Known for its innovation, Africa is making headway in becoming a launchpad for novel new high-tech companies. According to BCG, between 2015 and 2020, there was a 46% growth in companies attracting and securing funding. The problem, however, is nurturing an environment conducive to sustainable growth and scaling past the start-up phase. The solution lies in enterprises turning their existing partnership approach on its head.
There are currently 1,200 unicorns (start-ups with a valuation of US$1 billion or more) in the world. Seven of them are in Africa, and of those, six are in the FinTech space. However, the same BCG report points out that African start-ups seldom survive past the Series B funding round.
For a continent with such huge potential and latent innovation, there seems to be a disconnect between ideation and building a sustainable, scalable operation.
“We know that partnering with nimble, innovative FinTechs can make all the difference to enterprises hoping to deliver exciting new products and services. Enterprises should be looking to invest in tech start-ups where the start-up’s sphere of influence will have a large impact on the enterprise’s revenue in key business focus areas,” said Sergio Barbosa, CIO of enterprise software development house, Global Kinetic, and CEO of its open banking platform, FutureBank.
Barbosa said the cautious approach of enterprises often stems from business leaders worrying they could be found negligent or that their brand may be negatively impacted should the start-up fail. However, he strongly believes that investing in tech start-ups that operate in high impact areas will give the required impetus to the tech start-up to deliver on expectations.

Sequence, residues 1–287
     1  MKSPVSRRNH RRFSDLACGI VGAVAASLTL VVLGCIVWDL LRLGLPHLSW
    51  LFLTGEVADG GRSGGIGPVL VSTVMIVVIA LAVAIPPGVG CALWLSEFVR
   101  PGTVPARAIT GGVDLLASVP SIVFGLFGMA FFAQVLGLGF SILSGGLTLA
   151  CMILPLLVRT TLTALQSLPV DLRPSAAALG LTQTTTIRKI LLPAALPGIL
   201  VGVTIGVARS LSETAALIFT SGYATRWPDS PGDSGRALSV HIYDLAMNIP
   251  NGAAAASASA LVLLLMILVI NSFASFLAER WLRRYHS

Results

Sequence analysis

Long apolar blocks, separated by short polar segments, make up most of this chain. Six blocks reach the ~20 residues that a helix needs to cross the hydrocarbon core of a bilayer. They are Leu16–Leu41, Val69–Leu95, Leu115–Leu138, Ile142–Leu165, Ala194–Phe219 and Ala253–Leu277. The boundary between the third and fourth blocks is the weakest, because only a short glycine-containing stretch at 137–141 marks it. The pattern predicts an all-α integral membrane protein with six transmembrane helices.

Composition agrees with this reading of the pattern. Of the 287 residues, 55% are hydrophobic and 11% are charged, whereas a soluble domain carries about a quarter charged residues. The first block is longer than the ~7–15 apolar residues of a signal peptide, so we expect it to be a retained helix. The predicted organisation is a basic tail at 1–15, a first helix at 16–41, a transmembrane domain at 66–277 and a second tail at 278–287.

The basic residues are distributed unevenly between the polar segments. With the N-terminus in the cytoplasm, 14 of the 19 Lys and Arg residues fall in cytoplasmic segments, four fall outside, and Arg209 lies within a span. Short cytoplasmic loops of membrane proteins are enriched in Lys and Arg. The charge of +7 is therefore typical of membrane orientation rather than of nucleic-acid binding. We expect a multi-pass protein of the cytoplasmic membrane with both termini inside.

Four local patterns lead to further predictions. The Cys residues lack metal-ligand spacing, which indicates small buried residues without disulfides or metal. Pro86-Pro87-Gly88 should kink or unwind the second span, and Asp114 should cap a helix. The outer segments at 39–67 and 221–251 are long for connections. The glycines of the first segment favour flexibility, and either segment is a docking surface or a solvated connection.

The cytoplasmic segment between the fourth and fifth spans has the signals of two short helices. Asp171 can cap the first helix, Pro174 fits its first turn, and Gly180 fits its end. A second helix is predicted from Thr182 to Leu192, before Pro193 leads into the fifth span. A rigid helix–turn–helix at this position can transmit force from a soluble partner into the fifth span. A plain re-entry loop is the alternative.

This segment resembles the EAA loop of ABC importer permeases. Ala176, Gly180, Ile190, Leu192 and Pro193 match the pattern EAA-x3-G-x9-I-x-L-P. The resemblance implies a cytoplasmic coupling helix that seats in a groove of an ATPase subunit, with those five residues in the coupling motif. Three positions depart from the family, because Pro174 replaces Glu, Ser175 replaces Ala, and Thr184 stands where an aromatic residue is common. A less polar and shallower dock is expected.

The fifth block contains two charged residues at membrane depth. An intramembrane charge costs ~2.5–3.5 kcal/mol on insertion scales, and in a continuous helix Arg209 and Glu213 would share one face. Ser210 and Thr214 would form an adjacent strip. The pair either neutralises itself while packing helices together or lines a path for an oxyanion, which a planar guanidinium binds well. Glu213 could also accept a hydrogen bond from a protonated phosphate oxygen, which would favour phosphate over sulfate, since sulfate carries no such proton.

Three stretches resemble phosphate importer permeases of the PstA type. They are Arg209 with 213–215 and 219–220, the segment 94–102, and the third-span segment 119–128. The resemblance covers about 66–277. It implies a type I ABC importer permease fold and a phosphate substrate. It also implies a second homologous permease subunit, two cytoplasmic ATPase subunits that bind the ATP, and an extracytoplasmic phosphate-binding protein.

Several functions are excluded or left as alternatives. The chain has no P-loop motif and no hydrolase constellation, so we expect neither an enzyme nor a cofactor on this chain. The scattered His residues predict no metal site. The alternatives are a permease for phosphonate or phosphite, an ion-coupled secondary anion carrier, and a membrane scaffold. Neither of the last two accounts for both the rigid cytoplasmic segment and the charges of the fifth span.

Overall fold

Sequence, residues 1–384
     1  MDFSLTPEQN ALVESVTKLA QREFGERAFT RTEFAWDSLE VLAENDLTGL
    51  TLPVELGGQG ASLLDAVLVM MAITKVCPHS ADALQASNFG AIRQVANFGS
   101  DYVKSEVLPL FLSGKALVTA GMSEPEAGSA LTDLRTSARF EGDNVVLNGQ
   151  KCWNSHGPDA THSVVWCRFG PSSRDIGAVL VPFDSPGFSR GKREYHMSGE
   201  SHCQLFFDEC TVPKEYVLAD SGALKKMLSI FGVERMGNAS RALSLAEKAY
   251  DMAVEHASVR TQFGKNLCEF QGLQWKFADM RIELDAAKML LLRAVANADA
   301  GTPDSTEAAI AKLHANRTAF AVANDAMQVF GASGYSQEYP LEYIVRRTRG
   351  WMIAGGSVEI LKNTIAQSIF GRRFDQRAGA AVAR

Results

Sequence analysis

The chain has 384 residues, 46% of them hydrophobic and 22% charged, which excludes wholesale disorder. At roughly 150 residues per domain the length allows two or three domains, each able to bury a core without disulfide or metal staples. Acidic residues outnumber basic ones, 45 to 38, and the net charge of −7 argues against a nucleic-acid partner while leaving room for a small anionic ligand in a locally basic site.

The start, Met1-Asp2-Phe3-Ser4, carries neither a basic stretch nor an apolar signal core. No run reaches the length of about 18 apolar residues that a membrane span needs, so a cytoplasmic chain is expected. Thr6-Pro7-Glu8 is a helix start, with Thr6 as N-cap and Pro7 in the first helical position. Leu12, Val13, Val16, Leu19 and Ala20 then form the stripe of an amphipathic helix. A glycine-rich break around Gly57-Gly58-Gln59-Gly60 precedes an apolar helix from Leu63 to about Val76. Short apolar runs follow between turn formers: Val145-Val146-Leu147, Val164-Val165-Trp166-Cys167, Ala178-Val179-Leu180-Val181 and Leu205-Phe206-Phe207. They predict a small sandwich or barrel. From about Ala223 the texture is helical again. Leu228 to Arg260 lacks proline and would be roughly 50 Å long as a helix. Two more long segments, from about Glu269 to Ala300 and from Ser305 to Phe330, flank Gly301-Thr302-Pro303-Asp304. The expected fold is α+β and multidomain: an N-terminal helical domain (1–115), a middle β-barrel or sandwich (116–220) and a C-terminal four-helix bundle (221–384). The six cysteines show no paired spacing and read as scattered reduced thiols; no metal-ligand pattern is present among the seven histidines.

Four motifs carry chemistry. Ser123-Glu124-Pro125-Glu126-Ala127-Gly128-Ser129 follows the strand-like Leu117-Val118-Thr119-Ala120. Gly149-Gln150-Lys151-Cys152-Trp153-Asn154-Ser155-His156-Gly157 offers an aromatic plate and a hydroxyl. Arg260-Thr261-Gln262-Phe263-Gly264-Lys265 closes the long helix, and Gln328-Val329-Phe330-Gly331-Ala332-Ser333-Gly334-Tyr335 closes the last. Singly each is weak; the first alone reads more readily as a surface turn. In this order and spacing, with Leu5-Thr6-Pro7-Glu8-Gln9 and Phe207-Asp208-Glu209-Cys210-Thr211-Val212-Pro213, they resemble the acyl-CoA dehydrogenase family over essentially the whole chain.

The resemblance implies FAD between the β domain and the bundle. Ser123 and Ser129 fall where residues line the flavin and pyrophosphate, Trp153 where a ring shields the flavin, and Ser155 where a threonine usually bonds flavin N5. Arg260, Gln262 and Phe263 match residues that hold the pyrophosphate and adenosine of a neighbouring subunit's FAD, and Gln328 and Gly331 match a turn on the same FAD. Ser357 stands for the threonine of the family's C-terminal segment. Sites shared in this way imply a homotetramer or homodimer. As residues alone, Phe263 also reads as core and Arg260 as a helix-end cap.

Adopting a ‘more’ or ‘better’ approach is best
How enterprises choose to partner with start-ups has a significant impact on their chance of success. Barbosa said setting up a robust product and market feedback loop, as well as ensuring a great talent acquisition strategy, can make all the difference.
“There is a great industry anecdote that talks about ‘more’ or ‘better’ and how companies must focus on one or the other. In the beginning of a partnership, companies should focus on making their product or solution better, ensuring they crack the right product or market fit. Once they have achieved that, they can focus on the ‘more’ part and scale their sales and marketing. Once the company starts facing constraints, they should switch again to focus on the ‘better’. This means they once again work to improve the efficiencies, and then flip back to look at scale. And so it goes, ‘more’ or ‘better’, but always starting with better,” he explained.
Let them be start-ups
Barbosa said another big challenge facing start-ups is the often unrealistic expectations placed on them by their enterprise investors and partners. He warns that what works for enterprise companies will hinder small companies. The added pressures of unnecessary governance, bureaucracy and processes that are designed for larger companies with multiple teams, focus areas and disciplines, can be crippling to a small start-up.
“Start-ups should be allowed to leverage their nimbleness and agility. It is their greatest asset and it is easily and quickly lost as the start-up becomes successful,” Barbosa said.Click below to share this article